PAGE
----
I believe Dr.J has it right as well when he poses that a return to those values would bring harmony and connection.

I also believe that with Awareness comes a return to those values, almost automatically. We must guide the steps of those who seek what they can not name, until they put their feet on their proper path. At that point, there are many answers available. The trick is in knowing the questions.

Zareba said...

dr.j, Thanks for reading and for your comments. I have also heard from young men that they find the understanding, intelect and wisdom of older woment to be a very desirable element in their lives. I truly hope that we can find our way toward a more whole view of the value of all members of society. I could almost say that I wish we could go back to the old values, but that is impossible. Life does not revert, the blown rose does not go back to being a bud, but it does go on to rebirth as a new bud with the opportunity to find a new unity, a new serenity and an new stronger base on which to build. This is often accomplished with the fall of a civilization, only to herald the rise of a new.

We live in interesting times.

Beard said...

The fact that world is not always convenient for us is a blessing. These challenges can help us to develop ourselves spiritually.

I think that these myths do greatly influence us but they can not stop us from choosing to be aware of ourselves.

The more we are aware of ourselves the less we are a myth.

Myth A or Myth B
none of it is me.
I am what's observing,
Not that puppet on a string.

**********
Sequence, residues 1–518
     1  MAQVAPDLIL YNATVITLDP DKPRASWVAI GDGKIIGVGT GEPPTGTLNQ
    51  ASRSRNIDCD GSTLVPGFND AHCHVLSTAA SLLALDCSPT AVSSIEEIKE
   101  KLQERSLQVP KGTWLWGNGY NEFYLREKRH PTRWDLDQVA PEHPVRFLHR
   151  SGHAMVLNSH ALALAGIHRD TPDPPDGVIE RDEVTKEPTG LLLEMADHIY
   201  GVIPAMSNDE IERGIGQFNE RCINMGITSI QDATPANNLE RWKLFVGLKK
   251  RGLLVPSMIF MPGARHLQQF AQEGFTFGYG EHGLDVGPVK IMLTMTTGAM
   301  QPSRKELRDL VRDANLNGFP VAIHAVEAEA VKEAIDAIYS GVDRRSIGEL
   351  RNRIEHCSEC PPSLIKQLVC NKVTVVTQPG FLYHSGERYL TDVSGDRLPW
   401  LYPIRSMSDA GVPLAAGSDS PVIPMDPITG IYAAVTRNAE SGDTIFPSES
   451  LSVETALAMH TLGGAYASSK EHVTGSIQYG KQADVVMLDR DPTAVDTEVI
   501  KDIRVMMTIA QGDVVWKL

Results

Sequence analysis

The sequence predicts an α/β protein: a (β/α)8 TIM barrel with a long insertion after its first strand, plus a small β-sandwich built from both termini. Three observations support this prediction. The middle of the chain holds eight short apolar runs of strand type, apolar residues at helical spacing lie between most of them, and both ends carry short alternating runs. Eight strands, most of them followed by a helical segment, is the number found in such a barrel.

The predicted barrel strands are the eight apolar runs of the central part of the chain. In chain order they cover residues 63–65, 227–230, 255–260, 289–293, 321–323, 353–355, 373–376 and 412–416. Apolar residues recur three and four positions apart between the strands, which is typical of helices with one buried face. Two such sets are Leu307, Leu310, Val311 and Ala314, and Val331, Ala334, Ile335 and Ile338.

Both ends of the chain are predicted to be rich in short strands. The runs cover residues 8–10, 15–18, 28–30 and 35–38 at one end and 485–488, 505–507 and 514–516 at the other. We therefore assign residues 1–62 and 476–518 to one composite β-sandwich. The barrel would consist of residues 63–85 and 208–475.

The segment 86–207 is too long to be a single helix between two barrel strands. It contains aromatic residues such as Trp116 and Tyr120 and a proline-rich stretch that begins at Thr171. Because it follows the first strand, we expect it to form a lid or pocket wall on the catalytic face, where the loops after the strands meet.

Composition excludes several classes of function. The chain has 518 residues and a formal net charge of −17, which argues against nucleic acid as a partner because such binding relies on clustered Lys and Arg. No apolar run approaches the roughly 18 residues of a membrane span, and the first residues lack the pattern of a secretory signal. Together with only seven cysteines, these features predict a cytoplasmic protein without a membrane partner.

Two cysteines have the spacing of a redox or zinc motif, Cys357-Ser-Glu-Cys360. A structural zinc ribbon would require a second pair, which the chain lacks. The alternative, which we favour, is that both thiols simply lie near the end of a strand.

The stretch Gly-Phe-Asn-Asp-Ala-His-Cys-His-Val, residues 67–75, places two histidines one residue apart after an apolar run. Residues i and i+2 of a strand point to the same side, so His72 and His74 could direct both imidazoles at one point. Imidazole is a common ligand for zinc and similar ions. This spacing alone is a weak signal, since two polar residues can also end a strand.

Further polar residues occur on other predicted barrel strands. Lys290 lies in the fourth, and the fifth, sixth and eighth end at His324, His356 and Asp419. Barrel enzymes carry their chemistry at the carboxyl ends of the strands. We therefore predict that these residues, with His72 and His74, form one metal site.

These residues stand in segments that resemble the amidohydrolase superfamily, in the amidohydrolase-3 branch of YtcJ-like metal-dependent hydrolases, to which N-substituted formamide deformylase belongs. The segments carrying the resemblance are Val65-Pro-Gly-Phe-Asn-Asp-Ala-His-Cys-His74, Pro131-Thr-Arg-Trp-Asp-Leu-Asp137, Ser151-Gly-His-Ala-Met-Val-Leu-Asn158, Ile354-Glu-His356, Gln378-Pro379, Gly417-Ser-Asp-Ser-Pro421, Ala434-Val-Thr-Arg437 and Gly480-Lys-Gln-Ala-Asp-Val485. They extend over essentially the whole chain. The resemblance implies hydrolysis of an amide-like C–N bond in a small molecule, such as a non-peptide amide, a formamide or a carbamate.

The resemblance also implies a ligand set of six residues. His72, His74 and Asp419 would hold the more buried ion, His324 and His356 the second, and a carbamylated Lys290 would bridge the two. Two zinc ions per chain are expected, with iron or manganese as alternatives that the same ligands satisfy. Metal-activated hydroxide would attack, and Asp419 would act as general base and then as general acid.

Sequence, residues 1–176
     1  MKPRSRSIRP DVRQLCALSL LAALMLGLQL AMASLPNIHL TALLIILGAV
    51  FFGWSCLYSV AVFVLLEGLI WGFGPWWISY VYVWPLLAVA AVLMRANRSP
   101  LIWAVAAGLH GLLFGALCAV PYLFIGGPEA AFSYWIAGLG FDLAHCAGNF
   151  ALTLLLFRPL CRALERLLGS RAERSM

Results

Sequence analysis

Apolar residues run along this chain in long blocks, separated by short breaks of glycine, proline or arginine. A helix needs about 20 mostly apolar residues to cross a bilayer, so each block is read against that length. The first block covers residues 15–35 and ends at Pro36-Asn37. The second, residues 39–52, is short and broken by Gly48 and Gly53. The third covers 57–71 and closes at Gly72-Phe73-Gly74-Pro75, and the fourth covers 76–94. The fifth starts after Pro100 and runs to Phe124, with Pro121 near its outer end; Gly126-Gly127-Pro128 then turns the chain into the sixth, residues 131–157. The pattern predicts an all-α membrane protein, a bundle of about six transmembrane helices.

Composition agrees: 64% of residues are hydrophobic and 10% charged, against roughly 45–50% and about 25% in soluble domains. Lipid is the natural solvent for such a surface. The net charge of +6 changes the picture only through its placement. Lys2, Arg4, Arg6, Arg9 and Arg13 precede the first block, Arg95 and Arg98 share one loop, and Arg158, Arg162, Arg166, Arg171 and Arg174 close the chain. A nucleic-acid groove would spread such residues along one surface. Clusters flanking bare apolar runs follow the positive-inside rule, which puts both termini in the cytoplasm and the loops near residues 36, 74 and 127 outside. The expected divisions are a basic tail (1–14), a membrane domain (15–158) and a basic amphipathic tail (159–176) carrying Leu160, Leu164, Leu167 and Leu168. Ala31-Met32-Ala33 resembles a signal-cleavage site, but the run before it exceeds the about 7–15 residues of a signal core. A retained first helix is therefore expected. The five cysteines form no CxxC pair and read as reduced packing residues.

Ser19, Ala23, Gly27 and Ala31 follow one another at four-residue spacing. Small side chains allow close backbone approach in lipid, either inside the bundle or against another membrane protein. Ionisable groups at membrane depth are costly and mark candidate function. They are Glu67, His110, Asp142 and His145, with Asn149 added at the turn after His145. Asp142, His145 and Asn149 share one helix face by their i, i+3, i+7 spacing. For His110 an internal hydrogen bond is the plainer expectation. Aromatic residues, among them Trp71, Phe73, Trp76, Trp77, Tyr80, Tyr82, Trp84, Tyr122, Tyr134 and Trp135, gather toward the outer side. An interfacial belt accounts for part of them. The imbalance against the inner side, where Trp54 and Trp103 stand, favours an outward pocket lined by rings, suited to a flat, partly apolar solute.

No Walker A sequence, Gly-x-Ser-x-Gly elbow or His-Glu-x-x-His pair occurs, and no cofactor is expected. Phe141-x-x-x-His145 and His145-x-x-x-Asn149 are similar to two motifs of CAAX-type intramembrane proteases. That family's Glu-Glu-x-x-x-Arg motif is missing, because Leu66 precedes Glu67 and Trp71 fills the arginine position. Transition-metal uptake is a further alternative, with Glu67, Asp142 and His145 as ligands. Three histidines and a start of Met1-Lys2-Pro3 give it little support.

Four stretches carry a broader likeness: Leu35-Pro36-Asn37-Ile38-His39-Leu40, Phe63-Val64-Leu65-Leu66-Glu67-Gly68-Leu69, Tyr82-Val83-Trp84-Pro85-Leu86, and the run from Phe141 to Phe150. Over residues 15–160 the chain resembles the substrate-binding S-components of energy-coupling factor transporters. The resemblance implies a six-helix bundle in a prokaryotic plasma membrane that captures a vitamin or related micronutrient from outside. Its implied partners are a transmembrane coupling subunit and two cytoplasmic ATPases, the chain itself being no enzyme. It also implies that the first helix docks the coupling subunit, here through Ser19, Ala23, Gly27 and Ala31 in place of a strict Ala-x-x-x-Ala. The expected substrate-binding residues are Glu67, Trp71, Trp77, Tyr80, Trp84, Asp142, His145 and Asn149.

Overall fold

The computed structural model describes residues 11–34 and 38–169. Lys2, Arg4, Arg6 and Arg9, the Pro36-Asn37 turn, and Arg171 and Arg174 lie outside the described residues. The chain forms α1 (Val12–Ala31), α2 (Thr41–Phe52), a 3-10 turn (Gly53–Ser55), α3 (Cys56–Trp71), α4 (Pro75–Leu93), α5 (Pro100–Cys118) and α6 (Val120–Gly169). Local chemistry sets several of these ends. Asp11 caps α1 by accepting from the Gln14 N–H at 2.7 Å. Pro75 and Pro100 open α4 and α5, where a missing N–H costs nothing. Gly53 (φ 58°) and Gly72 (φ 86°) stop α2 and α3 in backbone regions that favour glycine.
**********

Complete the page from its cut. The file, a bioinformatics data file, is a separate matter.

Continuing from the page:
Good Luck! :)

Rob said...

Thanks for sharing.

defiant goddess said...

That was powerful, Zareba.

Nina said...

My culture believes so much in this. Always has and still does. I think it will swing back as everything does in it's own time.

Zareba said...

Thanks for your comments Beard. And I agree, the more we are aware, the less sway society's mores have over us, but it concerns me that there are far fewer who are seeking awareness than those who know not what they seek, or are not even seeking.

When I say that we are living in interesting times, I am referring to the fact that the world as we knew it, has already ended. It ended along with our innocence on 9/11 and I can not see anything that will bring it back, only that we must go forward, teach our children and pray for the best.

Thanks again

Z :-)

Zareba said...

Nanina, I know that is true. It also used to be true in the rural communities when I was growing up. I carry enough native blood to have some idea and to have enough interest to pursue more knowldege. I really wish that everyone valued life, nature and maturity the same way the native population does.

...Z

Zareba said...

Rob and Goddess, thank you for reading and for your comments.

...Z

Sue said...

Zareba,
This is so true. I am happy to read what you write because you say what I feel and can not say.
Hugs Sue

Zareba said...

(((Sue)). You will learn to say it. We all have to learn to be able to own our selves. When we do, we can stand up and say what we mean as we no longer fear others rejection.

You are a strong lady who just hasn't learned how strong you are. I would like to correspond on theis subject with you in one year, in two, in five. I believe you will be stunned at how much you have grown in confidence and the ability to say it like it is.

...Z